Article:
A Gulp of Sea

Nature is my healer. I feel such peace, such love and acceptance when I am enveloped by the ever-changing grandeur and gentleness of Nature. 

I’m sitting at a picnic table overlooking Encinal Canyon in Malibu. Monet is sleeping, snoring, by my feet. The clouds are grey and blinding white and sweeping and cauliflowery and we are alone. The world is worlding and I am breathing-in the woodpecker, the rustling leaves, and God’s open, loving arms quietude. 

Currently, Monet and I are literally camping (tent, air mattress, sleeping bag) in my niece’s back yard in Malibu as she and her husband have graciously allowed us to wait for Luna Bella Blu to be repaired. Unfortunately, on the rainy drive home from Cambria, the van started to malfunction and now my home-on-wheels is likely to cost me a fortune before I can get back on the road. In case you are wondering why I’m tenting it vs. bedding-it, first, the house is pretty full with my sister and cousin staying here temporarily, and also, I just prefer being outside. Yes, I have turned into one of those crazy auntie freaks. I crave the outdoors, air, coolness, the smell of trees, the ocean even the stars which give me a gust of icy crystals as if riding my e-bike down a windy Eastern Sierra path.

I feel full. Maybe it’s the gulp of water—I never drink enough—or this choir of indigenous plants encircling me like a bride. Maybe it’s my Monet who led the charge on our moderate, expansive hike and my sense of kite sailing gratitude to be alive in this blessed moment. 

My nephew, Mark M. and I were talking this morning and agreed that devices are killing us, pulling us away from our purpose, our sense of wonder. They are instruments of destruction, driving wedges between people who have no business feuding. Our heads are down, scrolling, perusing, buying, distracting ourselves from our higher selves, and that is to leave the world better than we found it. My mantra, my creed that I espoused for 18 years as an 8th grade English Language Arts teacher, and virtually my entire other life as a journalist, student, and 1960s Flower Child.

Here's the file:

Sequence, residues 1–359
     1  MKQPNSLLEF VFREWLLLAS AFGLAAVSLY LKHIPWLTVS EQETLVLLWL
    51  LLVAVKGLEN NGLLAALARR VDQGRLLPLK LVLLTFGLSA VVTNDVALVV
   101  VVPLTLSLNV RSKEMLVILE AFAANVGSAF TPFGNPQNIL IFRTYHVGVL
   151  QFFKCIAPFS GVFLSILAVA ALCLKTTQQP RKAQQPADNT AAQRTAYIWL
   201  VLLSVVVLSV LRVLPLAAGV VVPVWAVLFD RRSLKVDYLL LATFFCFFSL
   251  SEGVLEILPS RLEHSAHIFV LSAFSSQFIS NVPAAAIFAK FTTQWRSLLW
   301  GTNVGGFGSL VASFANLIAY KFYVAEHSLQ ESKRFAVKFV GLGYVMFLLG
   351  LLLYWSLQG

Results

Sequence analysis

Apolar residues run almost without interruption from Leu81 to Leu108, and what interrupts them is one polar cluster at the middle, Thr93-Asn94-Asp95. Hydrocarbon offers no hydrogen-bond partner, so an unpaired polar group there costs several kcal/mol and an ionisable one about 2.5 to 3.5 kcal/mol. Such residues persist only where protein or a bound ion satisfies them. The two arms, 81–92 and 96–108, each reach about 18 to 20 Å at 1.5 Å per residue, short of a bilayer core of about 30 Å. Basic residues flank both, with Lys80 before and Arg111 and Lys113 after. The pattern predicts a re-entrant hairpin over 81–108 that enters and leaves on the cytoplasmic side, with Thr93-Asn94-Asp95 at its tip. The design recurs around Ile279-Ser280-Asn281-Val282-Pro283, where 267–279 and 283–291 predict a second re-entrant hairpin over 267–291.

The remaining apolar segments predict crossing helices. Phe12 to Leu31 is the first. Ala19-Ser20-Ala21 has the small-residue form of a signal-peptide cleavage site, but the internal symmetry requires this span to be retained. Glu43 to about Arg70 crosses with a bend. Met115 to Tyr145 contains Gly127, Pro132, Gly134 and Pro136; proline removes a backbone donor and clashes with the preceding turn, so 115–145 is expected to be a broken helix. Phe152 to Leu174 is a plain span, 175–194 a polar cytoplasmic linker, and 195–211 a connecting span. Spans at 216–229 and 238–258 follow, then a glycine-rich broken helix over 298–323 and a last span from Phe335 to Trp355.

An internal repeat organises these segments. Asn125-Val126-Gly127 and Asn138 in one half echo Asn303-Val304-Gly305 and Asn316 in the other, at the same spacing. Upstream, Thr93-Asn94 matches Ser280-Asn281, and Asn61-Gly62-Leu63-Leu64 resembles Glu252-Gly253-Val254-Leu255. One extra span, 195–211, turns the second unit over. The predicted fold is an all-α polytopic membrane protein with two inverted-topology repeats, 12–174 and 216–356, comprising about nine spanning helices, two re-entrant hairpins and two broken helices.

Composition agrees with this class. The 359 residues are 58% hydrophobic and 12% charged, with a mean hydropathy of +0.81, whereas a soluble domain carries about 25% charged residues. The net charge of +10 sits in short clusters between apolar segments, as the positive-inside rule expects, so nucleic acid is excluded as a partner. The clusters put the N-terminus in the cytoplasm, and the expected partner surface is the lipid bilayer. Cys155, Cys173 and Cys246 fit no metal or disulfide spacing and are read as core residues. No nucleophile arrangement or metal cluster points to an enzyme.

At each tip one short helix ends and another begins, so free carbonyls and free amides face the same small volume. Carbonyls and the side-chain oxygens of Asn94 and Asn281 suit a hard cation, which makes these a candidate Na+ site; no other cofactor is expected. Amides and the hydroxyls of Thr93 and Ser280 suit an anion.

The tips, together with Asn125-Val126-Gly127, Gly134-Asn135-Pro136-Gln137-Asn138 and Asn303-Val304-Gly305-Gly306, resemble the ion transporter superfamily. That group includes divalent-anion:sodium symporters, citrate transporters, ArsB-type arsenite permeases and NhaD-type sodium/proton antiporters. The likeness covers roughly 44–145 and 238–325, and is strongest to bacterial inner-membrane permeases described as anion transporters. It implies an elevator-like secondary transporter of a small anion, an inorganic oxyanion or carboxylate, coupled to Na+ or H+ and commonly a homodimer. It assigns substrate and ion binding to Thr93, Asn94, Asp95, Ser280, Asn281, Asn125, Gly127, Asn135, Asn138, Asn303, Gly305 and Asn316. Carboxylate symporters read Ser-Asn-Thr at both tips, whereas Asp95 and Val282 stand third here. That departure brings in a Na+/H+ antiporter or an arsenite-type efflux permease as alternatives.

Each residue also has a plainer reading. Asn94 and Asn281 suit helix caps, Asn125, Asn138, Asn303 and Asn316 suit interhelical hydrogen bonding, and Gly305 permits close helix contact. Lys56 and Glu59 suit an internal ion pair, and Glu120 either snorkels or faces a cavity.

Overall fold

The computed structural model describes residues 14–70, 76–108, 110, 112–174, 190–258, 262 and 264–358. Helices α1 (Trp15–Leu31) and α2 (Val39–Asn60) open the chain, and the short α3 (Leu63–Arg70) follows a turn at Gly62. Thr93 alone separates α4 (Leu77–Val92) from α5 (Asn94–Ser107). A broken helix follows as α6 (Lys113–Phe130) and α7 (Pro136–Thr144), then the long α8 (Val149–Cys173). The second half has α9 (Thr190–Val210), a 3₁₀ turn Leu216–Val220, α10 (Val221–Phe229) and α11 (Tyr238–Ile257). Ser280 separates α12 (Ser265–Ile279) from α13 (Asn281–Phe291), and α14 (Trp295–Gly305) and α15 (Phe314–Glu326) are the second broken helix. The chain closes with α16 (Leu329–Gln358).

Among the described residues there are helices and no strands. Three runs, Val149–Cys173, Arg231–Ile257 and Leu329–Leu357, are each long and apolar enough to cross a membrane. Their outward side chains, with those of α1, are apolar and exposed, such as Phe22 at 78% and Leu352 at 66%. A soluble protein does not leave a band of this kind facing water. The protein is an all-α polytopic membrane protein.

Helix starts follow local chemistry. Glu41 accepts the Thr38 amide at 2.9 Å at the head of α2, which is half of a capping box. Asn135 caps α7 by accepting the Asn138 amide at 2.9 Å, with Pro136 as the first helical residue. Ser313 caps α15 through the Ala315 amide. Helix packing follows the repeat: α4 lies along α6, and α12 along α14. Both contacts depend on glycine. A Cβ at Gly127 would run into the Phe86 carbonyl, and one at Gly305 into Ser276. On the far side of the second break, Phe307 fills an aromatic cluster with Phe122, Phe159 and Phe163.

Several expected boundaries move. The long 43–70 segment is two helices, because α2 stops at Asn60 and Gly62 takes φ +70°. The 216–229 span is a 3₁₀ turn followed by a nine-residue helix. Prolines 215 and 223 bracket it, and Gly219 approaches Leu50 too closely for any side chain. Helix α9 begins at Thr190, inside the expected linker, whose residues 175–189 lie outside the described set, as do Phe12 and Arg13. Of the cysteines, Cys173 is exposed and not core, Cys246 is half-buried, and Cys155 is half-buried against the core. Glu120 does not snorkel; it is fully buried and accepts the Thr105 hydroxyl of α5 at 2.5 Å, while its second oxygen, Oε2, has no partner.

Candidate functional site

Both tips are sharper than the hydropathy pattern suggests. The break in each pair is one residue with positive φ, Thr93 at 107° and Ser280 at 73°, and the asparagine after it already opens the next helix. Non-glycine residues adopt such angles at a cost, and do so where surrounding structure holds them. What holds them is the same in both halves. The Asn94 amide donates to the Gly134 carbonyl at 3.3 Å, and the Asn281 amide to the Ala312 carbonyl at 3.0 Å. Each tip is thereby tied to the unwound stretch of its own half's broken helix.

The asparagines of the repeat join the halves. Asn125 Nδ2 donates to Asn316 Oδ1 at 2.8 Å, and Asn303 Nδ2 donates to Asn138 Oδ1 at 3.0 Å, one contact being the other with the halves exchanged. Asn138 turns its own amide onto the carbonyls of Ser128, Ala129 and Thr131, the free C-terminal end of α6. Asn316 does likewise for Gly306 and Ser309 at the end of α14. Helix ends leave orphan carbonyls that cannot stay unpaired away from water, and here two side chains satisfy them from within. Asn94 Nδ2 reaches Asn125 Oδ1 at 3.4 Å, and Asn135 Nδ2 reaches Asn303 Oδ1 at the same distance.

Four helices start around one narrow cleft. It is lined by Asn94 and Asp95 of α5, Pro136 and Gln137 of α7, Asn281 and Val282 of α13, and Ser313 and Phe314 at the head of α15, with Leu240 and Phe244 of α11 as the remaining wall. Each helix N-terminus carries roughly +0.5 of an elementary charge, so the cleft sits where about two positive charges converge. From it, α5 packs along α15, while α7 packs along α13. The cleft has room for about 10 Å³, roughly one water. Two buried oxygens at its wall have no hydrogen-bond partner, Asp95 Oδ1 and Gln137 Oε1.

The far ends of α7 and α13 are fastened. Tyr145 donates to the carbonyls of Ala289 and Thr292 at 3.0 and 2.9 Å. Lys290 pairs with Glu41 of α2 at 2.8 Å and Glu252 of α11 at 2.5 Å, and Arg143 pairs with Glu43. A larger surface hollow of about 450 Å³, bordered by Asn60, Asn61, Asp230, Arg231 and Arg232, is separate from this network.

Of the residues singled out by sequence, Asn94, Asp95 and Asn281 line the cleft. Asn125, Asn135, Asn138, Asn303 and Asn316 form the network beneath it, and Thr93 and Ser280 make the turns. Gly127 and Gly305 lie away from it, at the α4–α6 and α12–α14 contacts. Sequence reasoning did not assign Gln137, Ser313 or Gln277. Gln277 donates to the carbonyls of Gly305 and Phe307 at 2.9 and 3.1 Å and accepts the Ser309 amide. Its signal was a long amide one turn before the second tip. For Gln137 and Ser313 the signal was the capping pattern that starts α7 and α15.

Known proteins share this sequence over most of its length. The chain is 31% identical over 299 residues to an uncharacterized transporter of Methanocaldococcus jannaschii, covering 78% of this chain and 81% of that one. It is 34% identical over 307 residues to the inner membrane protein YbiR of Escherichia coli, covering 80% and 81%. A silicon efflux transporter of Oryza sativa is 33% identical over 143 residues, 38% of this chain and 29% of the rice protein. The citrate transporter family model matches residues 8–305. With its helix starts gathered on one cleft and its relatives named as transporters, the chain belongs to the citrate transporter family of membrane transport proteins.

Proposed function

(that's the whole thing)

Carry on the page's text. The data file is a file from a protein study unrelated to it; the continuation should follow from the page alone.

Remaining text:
What can I do, in this moment, to germinate hope and light, faith and peace?

For one, I’m trying to re-frame my challenges, trying to find the light in the darkness. 

Trying to catch the good in the bad.

Trying to stay open, flexible.

Rigidity is a terrible quality. Being stubborn. Thinking you’re right when you very well might be, but so might someone else. Be right, that is. I’m stubborn, but getting less so as the years go by. I know it’s not my best characteristic. It stops me from sampling everything at the buffet table; if I only eat romaine lettuce with ranch dressing, I’m limiting my tastebuds from exploring arugula and bruised kale, for instance ( both of which happen to be my preferred salad greens). When people get older, it seems a good number of us get socially, politically, and mentally arthritic. We turn into cronies, sit on the couch and remote control our lives away. I never want to be like that. I want to stay as open as the vista I’m looking at right now, my chin tilted toward the hazy horizon and my thinning crown veiled by the noon sun. 

My life was good before, but I believe it’s about to get better. Undeniably, my heart is heavy with my pup’s ill health and ever-present worry about the money that seems to be sieving out of my savings like granite chunks in a sand toy. But the more I dig, the more I sense there’s some sort of gold I need to mine, something delicious, intriguing, and quenchably satisfying.

I know this longing isn’t about finding a partner. If that happens, that’s great. But I know that this longing is something deeper, something hanging from a charred oak tree or swimming about in a mossy pond. What I need to know, to consume, is right here in Nature. My Monet gets it. The birds and plants get it. 

I sense what I desire is connection. Connective tissue. Tangled, knotted roots, overlapping, interwoven, burrowing, flying, relaxing; brief and light feather wisps grazing along the spine, across-the-cheeks reminders that we are not alone. We belong to each other. 

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